Support for the Educational Video Center and its Youth Documentary Workshop Program is provided, in part, by: the Robert Bowne Foundation, the Brenner Family Foundation, the Brightwater Fund, HBO, the Hearst Foundations, Hyde and Watson Foundation, Jewish Communal Fund, National Board of Review, Open Society Foundations, the Pinkerton Foundation, W. Clement and Jessie V. Stone Foundation, TASC, TechFoundation, Wellspring Foundation, and Milton A. & Roslyn Z. Wolf Family Foundation Teacher of Conscience Fund; and with public support from the National Endowment for the Arts, New York State Council on the Arts with the support of Governor Cuomo and the New York State Legislature, the NYC Department of Cultural Affairs in partnership with the City Council, and the NYC DYCD Summer Youth Employment Program; and individual donors; and with in-kind support from the Long Island University – School of Education, NYC Department of Education, and City-As-School High School.
For more information, please visit evc.org or on Twitter @E_V_C_
For further inquiries or to make a tax-deductible contribution, please contact:
Theresa Navarro, Manager of Development & Communications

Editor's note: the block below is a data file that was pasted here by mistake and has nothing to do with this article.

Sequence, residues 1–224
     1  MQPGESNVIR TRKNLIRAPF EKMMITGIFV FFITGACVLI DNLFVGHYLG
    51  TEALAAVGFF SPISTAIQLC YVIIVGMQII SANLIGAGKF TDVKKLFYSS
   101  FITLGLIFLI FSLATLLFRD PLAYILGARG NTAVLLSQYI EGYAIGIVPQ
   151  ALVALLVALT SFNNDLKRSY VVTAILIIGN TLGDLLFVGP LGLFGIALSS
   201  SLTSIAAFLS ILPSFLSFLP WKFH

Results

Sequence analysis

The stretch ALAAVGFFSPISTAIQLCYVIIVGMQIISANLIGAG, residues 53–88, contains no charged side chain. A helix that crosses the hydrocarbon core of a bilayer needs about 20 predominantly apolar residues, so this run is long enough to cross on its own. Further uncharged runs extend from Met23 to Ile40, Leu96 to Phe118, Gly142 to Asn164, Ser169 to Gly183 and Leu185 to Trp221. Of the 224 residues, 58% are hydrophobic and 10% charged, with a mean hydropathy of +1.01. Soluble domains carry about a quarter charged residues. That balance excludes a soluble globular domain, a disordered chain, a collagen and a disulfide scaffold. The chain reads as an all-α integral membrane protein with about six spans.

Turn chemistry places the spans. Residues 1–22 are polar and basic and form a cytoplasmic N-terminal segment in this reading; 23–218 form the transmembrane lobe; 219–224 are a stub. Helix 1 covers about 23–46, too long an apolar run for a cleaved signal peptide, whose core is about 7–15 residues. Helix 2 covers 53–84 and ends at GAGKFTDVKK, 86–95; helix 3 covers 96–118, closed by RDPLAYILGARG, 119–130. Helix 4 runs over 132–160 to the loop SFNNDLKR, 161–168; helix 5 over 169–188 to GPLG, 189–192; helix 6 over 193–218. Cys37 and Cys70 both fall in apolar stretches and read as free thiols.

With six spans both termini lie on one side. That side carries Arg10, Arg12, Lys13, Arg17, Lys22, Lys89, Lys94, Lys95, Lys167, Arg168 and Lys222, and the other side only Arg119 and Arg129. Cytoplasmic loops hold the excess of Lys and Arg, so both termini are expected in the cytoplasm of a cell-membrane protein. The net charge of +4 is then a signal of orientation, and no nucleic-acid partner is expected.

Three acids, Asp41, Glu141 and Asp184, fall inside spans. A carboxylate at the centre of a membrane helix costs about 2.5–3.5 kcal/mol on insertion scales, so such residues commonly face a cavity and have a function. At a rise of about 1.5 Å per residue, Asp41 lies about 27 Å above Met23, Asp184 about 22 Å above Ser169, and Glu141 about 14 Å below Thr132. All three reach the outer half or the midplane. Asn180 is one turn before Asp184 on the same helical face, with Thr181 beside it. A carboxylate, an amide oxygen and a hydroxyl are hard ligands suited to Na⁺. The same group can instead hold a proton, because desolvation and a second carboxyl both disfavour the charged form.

Film Society of Lincoln Center
Founded in 1969 to celebrate American and international cinema, the Film Society of Lincoln Center works to recognize established and emerging filmmakers, support important new work, and to enhance the awareness, accessibility and understanding of the moving image. The Film Society produces the renowned New York Film Festival, a curated selection of the year's most significant new film work, and presents or collaborates on other annual New York City festivals including Dance on Camera, Film Comment Selects, Human Rights Watch Film Festival, LatinBeat, New Directors/New Films, NewFest, New York African Film Festival, New York Asian Film Festival, New York Jewish Film Festival, Open Roads: New Italian Cinema, and Rendez-Vous with French Cinema. In addition to publishing the award-winning Film Comment magazine, The Film Society recognizes an artist's unique achievement in film with the prestigious Chaplin Award. The Film Society's state-of-the-art Walter Reade Theater and the Elinor Bunin Munroe Film Center, located at Lincoln Center, provide a home for year-round programs and the New York City film community.
The Film Society receives generous, year-round support from Royal Bank of Canada, Jaeger-LeCoultre, American Airlines, The New York Times, Stella Artois, the Kobal Collection, Trump International Hotel and Tower, the National Endowment for the Arts, and the New York State Council on the Arts.
For more information, visit www.filmlinc.com and follow @filmlinc on Twitter.
For Media specific inquiries, please contact:
John Wildman, (212) 875-5419
David Ninh, (212) 875-5423